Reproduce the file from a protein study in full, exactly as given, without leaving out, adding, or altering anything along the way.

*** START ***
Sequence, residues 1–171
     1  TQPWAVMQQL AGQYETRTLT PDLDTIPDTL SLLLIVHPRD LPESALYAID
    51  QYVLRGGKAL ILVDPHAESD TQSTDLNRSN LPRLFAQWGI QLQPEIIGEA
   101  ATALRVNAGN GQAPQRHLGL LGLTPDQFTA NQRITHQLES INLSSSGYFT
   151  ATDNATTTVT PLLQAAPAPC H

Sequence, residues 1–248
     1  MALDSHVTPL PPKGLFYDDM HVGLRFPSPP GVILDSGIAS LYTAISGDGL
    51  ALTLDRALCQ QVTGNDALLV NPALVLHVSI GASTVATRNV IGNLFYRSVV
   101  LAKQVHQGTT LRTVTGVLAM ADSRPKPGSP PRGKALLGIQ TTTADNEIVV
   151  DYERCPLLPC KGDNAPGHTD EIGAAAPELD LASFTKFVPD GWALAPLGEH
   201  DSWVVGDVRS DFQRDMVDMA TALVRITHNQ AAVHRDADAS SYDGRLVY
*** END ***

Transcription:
Sequence, residues 1–171
     1  TQPWAVMQQL AGQYETRTLT PDLDTIPDTL SLLLIVHPRD LPESALYAID
    51  QYVLRGGKAL ILVDPHAESD TQSTDLNRSN LPRLFAQWGI QLQPEIIGEA
   101  ATALRVNAGN GQAPQRHLGL LGLTPDQFTA NQRITHQLES INLSSSGYFT
   151  ATDNATTTVT PLLQAAPAPC H

Sequence, residues 1–248
     1  MALDSHVTPL PPKGLFYDDM HVGLRFPSPP GVILDSGIAS LYTAISGDGL
    51  ALTLDRALCQ QVTGNDALLV NPALVLHVSI GASTVATRNV IGNLFYRSVV
   101  LAKQVHQGTT LRTVTGVLAM ADSRPKPGSP PRGKALLGIQ TTTADNEIVV
   151  DYERCPLLPC KGDNAPGHTD EIGAAAPELD LASFTKFVPD GWALAPLGEH
   201  DSWVVGDVRS DFQRDMVDMA TALVRITHNQ AAVHRDADAS SYDGRLVY